And so Chili, my last Golden Retriever, did.
 
As each one who has chosen to be in my life has.
 
Hurts my heart each time they leave. 
 
Why do dogs live such short lives>
 
So we can learn the minutes of life can be counted though we don’t know how many we will have together … and maybe … learn something about making them count.
 
So, we might learn something about Appreciation and Gratitude and Love.
 
So, we might learn something about the meaning of life.
 
They do all this without saying a word.
 
Amazing.

 

Eric (youngest son) and Chili, grouse hunting in upper Michigan

Well, decided to cave on my original intention of trying to create my own limited vaccination protocol for my puppy, Spirit.

I wanted only parvo, distemper  and canine hepatitis done but am going to allow the standard 5 way vaccine to be used for Spirit, which also includes para influenza (would exclude this if I could but not a big deal because reactions to it are uncommon and not severe) and canine coronavirus (often referred to as a vaccine searching for a disease).

Why?

All the vets in my area use only the 5 way (or even more) and they would have to special order my preferred 3 way in a 25 dose package costing ~ $400+. Since I would need but a small portion of the order, basically the rest would be wasted.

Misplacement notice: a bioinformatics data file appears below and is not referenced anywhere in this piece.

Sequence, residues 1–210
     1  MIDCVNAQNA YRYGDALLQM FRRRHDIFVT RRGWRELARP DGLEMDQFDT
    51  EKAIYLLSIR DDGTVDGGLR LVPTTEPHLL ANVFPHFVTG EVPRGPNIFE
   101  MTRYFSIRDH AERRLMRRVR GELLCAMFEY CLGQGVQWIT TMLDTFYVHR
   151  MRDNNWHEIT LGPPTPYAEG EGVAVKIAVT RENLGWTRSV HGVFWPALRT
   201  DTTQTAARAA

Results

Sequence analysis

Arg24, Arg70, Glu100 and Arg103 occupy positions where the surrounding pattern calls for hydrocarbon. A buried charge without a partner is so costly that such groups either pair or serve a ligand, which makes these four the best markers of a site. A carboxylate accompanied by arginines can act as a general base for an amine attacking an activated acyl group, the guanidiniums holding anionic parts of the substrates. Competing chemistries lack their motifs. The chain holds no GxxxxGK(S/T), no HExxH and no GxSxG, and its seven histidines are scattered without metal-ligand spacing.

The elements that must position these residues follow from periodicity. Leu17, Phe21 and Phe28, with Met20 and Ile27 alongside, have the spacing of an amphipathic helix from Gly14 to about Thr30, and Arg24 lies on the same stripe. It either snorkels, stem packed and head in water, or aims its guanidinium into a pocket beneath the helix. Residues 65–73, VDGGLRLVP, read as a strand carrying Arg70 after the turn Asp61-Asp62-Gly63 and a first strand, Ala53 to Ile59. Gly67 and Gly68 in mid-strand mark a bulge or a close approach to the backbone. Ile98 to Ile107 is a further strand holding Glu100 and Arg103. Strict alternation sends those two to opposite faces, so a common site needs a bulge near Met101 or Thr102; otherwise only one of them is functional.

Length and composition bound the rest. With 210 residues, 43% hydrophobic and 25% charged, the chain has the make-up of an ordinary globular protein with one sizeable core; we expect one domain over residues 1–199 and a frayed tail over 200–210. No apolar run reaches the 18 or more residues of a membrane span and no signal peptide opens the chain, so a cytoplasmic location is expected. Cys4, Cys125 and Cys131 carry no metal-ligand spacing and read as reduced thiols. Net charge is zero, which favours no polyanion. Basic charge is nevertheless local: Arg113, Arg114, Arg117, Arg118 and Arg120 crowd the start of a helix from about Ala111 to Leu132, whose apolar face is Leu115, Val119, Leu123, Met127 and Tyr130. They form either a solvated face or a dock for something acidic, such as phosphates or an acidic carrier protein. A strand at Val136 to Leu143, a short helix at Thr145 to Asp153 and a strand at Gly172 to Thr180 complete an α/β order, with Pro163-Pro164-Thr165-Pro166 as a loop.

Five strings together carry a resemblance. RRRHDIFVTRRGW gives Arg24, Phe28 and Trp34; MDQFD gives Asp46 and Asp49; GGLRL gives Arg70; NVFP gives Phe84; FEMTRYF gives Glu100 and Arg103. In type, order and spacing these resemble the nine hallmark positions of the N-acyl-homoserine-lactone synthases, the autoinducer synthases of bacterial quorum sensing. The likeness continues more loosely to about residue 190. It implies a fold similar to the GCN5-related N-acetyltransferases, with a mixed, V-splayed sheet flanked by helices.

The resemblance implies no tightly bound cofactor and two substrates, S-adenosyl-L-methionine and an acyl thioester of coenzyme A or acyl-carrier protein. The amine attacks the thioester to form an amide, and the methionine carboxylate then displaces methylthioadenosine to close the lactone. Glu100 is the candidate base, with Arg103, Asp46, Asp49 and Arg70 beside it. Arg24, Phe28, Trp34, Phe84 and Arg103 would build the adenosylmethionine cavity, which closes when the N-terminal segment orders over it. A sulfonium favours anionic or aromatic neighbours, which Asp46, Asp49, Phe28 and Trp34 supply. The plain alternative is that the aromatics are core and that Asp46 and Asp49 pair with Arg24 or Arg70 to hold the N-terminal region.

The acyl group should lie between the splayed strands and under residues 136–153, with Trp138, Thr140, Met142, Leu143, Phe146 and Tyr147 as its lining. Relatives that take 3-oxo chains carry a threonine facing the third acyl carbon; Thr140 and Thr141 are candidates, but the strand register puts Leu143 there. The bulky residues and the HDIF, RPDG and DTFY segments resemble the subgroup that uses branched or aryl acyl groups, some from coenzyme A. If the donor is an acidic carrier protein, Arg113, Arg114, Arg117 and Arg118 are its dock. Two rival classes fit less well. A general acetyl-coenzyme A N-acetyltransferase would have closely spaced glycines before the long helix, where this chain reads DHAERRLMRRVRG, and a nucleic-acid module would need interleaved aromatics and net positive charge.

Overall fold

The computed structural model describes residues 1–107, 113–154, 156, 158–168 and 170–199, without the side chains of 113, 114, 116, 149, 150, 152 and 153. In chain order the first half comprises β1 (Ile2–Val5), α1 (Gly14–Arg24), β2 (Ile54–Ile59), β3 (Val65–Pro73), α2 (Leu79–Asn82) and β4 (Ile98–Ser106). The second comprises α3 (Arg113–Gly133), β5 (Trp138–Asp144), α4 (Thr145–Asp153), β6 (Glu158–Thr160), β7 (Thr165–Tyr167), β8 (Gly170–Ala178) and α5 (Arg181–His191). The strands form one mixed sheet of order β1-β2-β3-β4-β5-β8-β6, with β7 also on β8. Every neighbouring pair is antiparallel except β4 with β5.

Of course, I will also have to do the rabies vaccine (will do this at 20 weeks of age to keep it 4 weeks away from all the other vaccinations completed at 16 weeks).

I  will also do the lepto vaccines annually unless Spirit reacts adversely to it, in which case I will forgo it permanently – but, as mentioned in a previous post, will not do the first lepto until next spring.

 What I am not giving in on is my plan to not vaccinate my dog again in his lifetime unless the periodic blood tests I will have done show antibody levels indicate he needs to be re- vaccinated.

End of story

For those of you with dogs, it is worth thinking about vaccinations.

Without impugning anyone – companies who produce the vaccines or the vets that administer them – it is worth thinking about what is best for your dog.

I will be getting a puppy soon, already named Spirit, so I am evaluating all this and want to share my conclusions with you.

To begin with, the way I look at it is Spirit is my dog, in my care and no one else will ever care as much about him as I will. Since he gets no say in the matter, it is up to me to figure it out and do what is best for him, us.

No doubt in my mind, he needs to be protected from the usual – parvo, distemper and rabies (by law) but what about the other vaccines and how often does he need any of them?

As for the unintended negative side effects of vaccines, Spirit isn’t talking – at least not until it is too late – not until after the vaccine has been given and he reacts to it – maybe acutely, visibly, maybe in some unknown chronic way I, at least, will never notice, maybe not at all.

So, what I am going to do is follow the advice given at the website given here. Makes sense to me:

http://www.dogs4dogs.com/blog/2009/09/09/combination-shot-for-dogs/